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London Boulevard Review

Other Critics provided by Metacritic.com

Critics scores range from 0 to 100, with higher scores indicating more favorable reviews.

  • 3.0
    52

    out of 100

    Metascore®
    Mixed or average reviews
    based on a weighted average of all
    critic review scores.

  • 50

    out of 100

    Village Voice Michael Atkinson

    Monahan's debut has verve and charisma, but, in the end, the tension of a late-night pub shrug.

    Read Full Review

  • 50

    out of 100

    Los Angeles Times Betsy Sharkey

    That the plot is the problem comes as something of a surprise given Monahan's pedigree. The well-regarded screenwriter ("Body of Lies," "Kingdom of Heaven") won an Oscar for the deliciously conflicted cops and crime twister of 2006's "The Departed."

    Read Full Review

  • 70

    out of 100

    The Hollywood Reporter Ray Bennett

    It satisfies not only in the tradition of yarns boiled hard and wry, but as a savvy comment on fame and ambition.

    Read Full Review

  • See all London Boulevard reviews at Metacritic.com

For Families provided by Common Sense Media

not for kids

Lifeless crime drama has lots of violence and smoking.

What Parents Need to Know

Parents need to know that this London-set crime/gangster drama about a reformed criminal trying to "go straight" is filled with arguing and fighting, as well as many violent killings and plenty of blood. Language is incredibly strong, with "f--k" and "c--t" used almost constantly. Characters regularly smoke cigarettes and drink alcohol, and two supporting characters smoke pot; one is shown to be addicted to drugs and alcohol. There's also some topless female nudity and some kissing and suggested sex between the main characters.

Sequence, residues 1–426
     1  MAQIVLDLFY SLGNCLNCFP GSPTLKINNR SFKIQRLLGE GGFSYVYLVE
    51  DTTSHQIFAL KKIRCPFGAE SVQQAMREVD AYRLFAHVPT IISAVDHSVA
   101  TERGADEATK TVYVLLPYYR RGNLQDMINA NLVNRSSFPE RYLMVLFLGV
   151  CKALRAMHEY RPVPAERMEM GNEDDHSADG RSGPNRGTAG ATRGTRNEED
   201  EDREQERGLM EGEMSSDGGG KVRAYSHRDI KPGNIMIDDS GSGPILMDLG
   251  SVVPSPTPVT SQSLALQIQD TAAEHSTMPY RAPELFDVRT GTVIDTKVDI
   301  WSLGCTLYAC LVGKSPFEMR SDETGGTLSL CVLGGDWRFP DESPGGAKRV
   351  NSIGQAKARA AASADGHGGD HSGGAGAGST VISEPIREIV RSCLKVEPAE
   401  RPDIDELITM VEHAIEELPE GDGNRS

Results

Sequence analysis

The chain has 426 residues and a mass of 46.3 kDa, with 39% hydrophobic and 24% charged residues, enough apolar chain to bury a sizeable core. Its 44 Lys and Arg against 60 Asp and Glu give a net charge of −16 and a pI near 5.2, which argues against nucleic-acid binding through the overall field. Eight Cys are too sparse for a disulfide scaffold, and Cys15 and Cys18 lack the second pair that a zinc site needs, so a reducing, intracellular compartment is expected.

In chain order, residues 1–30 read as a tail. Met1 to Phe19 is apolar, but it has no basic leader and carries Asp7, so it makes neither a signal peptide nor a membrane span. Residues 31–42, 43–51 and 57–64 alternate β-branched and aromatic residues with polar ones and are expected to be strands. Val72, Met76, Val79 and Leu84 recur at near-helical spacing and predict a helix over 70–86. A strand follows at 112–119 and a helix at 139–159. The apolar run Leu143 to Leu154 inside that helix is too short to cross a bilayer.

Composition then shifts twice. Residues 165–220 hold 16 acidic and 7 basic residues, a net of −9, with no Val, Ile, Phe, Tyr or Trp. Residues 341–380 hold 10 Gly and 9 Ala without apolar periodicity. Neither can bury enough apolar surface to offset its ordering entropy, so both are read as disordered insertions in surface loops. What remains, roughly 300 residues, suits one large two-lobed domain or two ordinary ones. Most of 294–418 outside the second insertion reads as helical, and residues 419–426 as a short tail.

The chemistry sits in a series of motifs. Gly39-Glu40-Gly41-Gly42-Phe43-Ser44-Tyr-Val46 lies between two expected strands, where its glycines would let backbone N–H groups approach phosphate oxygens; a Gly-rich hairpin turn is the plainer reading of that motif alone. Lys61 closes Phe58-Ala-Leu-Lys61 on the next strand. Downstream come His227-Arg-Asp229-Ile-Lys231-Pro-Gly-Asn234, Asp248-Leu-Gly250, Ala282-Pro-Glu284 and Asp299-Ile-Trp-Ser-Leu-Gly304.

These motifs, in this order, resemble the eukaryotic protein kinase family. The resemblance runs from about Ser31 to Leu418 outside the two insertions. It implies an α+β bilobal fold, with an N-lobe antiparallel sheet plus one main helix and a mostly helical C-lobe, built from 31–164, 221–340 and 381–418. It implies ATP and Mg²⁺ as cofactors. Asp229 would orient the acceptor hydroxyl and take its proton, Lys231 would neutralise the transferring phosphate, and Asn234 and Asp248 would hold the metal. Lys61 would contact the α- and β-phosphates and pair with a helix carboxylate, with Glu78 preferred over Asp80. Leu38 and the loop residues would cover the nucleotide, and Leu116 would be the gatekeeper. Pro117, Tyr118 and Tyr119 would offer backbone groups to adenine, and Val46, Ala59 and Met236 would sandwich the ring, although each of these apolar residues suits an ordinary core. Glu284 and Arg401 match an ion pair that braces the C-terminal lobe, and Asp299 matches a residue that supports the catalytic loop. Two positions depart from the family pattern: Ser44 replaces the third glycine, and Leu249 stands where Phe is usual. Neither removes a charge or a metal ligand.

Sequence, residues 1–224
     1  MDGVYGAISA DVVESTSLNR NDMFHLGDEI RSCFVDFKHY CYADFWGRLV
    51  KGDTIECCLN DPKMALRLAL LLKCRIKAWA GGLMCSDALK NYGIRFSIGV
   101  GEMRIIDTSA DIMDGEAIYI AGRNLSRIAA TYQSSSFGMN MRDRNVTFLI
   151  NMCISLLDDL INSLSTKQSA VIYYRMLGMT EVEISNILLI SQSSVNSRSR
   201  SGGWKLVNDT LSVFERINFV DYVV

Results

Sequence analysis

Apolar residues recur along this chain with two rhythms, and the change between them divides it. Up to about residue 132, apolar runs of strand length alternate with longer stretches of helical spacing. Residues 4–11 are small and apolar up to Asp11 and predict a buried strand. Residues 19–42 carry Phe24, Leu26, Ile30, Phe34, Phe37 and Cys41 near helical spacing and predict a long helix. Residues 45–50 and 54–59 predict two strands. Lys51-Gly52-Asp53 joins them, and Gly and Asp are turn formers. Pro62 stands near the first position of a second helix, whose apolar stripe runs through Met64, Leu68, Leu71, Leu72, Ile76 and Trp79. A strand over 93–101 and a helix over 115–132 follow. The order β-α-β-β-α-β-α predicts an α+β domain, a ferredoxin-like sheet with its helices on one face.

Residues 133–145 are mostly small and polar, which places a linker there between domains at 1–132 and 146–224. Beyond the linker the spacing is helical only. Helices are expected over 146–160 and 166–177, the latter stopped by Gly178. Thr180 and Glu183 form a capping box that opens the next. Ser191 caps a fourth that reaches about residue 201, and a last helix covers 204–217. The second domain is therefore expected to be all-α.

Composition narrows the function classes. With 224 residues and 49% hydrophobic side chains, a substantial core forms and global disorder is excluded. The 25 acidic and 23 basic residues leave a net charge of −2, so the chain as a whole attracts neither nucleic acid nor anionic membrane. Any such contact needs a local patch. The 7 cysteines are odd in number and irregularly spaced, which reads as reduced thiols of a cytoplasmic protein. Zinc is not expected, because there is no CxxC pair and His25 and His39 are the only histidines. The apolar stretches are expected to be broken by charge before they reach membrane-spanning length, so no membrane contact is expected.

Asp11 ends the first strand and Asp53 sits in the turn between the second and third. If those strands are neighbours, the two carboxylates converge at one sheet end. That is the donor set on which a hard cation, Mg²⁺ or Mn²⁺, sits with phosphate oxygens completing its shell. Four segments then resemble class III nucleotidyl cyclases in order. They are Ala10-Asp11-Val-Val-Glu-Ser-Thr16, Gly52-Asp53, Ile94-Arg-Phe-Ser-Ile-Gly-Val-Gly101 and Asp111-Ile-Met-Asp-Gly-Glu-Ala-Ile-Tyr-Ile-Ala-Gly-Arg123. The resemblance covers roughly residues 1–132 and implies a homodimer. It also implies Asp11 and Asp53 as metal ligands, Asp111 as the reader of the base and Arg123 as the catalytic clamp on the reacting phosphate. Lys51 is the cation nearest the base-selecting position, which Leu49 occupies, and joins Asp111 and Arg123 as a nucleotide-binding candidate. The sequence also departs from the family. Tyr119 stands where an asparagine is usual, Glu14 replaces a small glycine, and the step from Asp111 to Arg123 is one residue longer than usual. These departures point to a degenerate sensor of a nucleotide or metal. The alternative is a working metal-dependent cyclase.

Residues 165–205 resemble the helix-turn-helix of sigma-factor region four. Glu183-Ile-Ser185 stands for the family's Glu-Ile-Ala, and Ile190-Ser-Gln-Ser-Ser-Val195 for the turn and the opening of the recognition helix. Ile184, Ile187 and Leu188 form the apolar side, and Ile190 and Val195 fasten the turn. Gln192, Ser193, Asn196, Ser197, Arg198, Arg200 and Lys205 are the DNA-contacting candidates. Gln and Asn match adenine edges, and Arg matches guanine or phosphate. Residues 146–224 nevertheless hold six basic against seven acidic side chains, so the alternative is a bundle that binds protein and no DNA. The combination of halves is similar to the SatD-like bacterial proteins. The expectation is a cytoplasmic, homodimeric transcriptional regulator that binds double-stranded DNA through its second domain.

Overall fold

• Families can talk about London Boulevard's strong violence. How does it compare to less realistic action violence? Which has more impact? Why?  
  • Do you think it's possible for a reformed criminal to "go straight"? What other decisions could Mitchel have made to achieve his goal?
  • Keira Knightley's character has a monologue about limited roles for women in movies. Does her own role in this movie transcend that? Why or why not?  

The good stuff
  • message true0

    Messages: London Boulevard suggests that transitioning from a life of crime to one of legitimacy is next to impossible, even if you're genuinely determined. The criminals in this movie seem successful, and the good people seem downtrodden.

  • rolemodels true1

    Role models: Upon his release from prison, the main character makes the ethical choice that he no longer wants to be a criminal. Unfortunately, he can't beat the odds; try as he may, his old life manages to pull him back in, and he eventually pays dearly for his efforts.

What to watch for
  • violence false4

    Violence: Lots of bloody, realistic fights, with characters punching and hitting each other and spattering blood. Several characters are killed violently via shooting, stabbing, beating, and pummeling. Dead bodies are shown. The main character punches a woman and knocks her out.

  • sex false4

    Sex: In a nightclub, topless women are shown, and other (clothed) women perform sexy dances. The main male and female characters kiss and are seen lying in bed together, though no nudity is shown. Secondary characters are seen preparing for "kinky" sex, with the man handcuffed to a bed and the woman wearing a slinky outfit. There's also heavy innuendo; a man makes a vulgar "licking" motion in one scene.

  • language false5

    Language: Very strong, constant language, with multiple uses of "f--k," "s--t," and "c--t," plus "ass" and "Jesus Christ" (as an exclamation).

  • consumerism false0

    Consumerism: Not an issue

  • drugsalcoholtobacco false4

    Drinking, drugs and smoking: Nearly every character smokes cigarettes throughout the movie. The main character's sister also seems to have a drinking and/or drug problem. Most characters drink from time to time: scotch, beer, and vodka (some occurs at a big party). Two secondary characters smoke pot in two different scenes. Some gangsters appear drunk and/or high in one violent sequence. Reference to Methadone.

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